The Department uses engagement scores in the NHS Staff Survey1 as a proxy for assessing trends in the level of morale in the National Health Service workforce. As employers across the NHS are responsible for the morale of their staff, the main function of the NHS Staff Survey is to help trusts benchmark their performance against peers to inform plans for improving their staff’s experience of working for the NHS. According to the latest (2016) NHS Staff Survey, staff engagement has risen to its highest level, 3.79/5 up from 3.68 when it was first recorded in 2012. Across the 32 key measures, over 80% were more positive than last year. 90% of NHS staff report their organisation takes positive action on staff health and well-being.
However, there is no room for complacency. Engagement scores ranging from acute specialist trusts at 3.94 to ambulance trusts at 3.43.
The Department, therefore, continues to commission NHS Employers to support trusts in improving staff experience (covering staff engagement, health and wellbeing)2 through advice, guidance and good practice including, for example, NHS Employers staff engagement resource library3. NHS Employers is also working with NHS England and Public Health England on NHS England’s initiative4 to improve staff health and wellbeing which includes a “CQUIN”5 (Commissioning for Quality and Innovation) incentive payment for trusts to focus on getting staff better access to health and wellbeing initiatives, supporting them to make healthy choices and lead healthy lives.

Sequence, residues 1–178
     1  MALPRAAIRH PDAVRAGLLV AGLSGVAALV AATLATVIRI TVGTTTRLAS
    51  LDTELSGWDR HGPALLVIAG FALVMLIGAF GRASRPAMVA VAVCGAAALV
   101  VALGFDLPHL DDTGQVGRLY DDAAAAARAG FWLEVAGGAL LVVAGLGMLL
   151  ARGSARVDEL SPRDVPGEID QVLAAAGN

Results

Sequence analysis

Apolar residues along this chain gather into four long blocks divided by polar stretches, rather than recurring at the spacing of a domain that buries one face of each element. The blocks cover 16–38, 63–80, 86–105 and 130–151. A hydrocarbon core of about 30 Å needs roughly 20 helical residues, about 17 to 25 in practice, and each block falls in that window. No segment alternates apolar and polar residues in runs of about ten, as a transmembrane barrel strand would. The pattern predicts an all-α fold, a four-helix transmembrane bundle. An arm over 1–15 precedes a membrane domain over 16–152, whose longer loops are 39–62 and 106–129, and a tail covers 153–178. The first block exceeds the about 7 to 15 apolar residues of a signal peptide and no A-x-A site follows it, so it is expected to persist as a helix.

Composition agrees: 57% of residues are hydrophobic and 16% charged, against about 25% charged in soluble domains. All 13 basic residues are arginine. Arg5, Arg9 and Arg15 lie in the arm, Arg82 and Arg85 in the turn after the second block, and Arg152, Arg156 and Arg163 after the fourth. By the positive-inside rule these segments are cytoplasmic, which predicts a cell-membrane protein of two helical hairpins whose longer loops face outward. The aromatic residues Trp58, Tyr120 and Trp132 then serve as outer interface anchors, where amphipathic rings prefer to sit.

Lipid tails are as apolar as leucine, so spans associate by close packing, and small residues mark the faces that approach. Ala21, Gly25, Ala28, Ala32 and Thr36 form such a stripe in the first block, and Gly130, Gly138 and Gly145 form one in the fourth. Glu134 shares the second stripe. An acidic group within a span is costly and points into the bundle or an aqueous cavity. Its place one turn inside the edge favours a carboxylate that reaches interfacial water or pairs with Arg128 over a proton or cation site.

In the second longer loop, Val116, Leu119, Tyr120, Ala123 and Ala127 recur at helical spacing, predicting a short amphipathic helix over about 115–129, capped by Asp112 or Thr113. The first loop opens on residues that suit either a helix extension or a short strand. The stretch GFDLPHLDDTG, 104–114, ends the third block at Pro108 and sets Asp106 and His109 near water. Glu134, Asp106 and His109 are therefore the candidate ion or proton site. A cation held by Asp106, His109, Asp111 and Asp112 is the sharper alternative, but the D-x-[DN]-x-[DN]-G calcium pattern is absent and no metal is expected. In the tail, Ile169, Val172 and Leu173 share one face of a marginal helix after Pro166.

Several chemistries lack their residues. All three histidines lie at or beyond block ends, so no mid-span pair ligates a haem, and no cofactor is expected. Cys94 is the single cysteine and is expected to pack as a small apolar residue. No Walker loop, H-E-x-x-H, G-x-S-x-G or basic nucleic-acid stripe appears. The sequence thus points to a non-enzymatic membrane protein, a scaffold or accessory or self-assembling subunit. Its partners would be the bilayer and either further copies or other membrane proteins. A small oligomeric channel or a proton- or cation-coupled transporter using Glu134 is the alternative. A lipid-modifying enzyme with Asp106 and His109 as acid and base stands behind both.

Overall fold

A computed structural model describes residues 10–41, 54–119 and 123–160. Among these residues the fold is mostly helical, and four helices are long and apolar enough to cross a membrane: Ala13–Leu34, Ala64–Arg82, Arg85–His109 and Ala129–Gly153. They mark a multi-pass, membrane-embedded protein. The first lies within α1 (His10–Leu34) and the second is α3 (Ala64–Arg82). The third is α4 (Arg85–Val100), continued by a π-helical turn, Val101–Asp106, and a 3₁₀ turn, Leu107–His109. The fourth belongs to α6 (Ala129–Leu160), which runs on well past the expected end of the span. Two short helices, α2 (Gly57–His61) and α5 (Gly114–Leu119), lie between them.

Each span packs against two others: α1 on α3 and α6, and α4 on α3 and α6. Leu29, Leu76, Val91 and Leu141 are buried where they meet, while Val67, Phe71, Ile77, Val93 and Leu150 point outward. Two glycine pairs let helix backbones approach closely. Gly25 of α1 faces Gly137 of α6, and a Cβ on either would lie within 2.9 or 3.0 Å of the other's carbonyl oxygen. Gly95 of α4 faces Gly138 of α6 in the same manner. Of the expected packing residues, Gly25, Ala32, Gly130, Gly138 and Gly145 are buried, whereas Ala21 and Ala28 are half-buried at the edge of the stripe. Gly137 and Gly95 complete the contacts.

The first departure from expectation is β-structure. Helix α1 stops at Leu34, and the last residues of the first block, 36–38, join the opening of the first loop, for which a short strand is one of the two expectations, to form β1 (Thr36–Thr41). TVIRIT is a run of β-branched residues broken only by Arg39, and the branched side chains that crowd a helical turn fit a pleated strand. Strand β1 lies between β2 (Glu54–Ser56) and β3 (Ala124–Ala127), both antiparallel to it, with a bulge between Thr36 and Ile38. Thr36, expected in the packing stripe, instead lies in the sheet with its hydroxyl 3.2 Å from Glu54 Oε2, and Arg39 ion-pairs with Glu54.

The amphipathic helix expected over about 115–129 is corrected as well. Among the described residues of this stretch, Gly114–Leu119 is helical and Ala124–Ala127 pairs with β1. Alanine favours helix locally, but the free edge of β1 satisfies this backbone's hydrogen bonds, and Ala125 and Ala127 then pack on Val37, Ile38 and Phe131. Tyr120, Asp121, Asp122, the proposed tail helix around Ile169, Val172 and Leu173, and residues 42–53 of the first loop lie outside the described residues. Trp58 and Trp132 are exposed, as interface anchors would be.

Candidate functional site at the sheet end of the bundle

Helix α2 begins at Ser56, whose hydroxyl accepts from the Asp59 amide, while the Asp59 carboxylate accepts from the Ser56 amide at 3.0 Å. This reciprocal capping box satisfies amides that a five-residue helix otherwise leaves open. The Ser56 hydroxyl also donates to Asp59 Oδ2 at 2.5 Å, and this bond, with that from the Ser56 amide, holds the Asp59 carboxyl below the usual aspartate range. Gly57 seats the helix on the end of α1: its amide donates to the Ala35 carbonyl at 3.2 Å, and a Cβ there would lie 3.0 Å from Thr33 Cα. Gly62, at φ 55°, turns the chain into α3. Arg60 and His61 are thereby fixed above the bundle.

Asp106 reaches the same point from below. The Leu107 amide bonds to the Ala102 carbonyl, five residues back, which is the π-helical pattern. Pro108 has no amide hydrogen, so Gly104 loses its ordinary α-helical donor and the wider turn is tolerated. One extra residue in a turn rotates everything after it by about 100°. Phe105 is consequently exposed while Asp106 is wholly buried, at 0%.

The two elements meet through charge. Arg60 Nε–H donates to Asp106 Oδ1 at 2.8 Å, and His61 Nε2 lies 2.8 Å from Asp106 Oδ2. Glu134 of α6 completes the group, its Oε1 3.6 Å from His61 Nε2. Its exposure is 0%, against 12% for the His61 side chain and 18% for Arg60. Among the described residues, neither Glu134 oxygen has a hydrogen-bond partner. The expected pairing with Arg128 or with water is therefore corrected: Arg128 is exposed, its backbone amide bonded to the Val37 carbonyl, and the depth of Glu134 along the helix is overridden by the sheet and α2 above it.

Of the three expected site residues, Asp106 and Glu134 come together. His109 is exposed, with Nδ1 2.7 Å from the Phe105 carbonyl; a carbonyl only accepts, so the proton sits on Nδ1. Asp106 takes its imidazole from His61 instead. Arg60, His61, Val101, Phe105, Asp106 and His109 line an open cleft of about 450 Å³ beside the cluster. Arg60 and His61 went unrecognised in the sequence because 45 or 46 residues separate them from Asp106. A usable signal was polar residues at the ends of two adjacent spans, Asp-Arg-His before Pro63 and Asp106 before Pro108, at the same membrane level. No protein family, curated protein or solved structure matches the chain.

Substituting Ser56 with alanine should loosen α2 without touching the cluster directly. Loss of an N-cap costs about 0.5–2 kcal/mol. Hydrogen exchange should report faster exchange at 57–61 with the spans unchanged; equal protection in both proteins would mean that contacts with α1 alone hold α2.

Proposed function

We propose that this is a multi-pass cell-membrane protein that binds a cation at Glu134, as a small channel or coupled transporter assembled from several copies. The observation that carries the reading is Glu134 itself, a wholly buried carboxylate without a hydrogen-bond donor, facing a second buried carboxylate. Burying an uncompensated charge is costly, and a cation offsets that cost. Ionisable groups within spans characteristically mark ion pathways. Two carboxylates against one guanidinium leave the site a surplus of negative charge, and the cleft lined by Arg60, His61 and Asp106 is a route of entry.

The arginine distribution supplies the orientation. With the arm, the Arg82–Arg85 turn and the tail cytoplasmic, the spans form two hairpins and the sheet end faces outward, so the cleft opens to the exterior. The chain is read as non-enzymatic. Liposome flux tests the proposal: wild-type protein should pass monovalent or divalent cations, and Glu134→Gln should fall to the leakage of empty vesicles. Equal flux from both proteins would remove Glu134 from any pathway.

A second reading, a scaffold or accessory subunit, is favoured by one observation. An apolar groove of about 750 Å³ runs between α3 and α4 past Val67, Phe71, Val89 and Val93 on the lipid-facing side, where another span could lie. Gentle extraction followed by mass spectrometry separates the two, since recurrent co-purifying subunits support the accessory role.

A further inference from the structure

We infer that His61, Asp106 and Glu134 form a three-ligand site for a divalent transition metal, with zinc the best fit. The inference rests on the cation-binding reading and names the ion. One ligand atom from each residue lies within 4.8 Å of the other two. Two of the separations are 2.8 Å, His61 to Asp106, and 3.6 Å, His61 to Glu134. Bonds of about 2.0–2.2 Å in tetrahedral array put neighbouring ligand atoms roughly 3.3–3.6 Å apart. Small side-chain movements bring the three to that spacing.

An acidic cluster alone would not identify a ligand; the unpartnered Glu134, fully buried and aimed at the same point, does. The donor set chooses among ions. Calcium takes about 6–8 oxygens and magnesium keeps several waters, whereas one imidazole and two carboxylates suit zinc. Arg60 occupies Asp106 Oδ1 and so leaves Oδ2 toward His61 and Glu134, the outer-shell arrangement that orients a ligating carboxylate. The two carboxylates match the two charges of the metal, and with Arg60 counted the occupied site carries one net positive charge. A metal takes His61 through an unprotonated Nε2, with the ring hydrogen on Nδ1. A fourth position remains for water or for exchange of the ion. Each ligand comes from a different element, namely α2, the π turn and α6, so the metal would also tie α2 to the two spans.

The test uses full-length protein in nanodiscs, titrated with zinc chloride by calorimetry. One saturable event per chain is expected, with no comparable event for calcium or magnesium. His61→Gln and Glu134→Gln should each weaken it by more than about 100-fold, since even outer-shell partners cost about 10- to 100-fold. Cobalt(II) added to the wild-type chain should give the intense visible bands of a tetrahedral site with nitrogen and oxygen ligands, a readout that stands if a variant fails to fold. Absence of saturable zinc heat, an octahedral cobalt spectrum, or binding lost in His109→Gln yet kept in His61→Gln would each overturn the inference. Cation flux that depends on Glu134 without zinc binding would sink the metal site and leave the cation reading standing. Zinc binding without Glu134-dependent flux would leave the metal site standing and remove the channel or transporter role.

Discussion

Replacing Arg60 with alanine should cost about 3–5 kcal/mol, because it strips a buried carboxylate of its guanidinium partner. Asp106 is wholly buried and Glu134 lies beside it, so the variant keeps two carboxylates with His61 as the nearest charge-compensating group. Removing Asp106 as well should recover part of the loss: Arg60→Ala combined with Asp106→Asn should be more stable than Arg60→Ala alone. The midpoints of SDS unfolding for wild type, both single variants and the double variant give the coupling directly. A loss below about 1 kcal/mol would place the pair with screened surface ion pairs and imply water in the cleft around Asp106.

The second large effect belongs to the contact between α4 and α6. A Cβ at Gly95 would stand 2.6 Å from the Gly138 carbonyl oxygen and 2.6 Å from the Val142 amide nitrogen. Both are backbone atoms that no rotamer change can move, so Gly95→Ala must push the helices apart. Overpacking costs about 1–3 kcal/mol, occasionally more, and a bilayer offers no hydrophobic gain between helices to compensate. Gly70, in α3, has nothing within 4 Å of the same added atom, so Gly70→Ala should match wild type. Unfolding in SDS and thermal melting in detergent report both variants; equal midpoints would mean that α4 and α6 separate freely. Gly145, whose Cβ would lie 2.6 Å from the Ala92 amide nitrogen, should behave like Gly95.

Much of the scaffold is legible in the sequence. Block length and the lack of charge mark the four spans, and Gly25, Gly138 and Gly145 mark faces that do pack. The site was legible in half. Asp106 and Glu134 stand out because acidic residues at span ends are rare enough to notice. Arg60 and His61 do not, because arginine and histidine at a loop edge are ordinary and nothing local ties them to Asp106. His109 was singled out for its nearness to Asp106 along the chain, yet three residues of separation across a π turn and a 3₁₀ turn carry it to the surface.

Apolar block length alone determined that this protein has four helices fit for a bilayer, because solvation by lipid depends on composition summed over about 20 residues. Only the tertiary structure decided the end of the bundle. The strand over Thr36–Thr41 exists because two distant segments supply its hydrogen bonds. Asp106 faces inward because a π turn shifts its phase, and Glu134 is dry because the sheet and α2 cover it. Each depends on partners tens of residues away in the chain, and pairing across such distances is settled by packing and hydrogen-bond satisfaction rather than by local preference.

The NHS Social Partnership Forum which includes the Department, unions and employers, is supporting efforts to improve NHS staff morale having launched its “call to action”6 to NHS bodies to tackle high levels of bullying and harassment. Drawing on evidence and frontline experiences, this initiative includes resources, advice and good practice to help organisations develop local plans.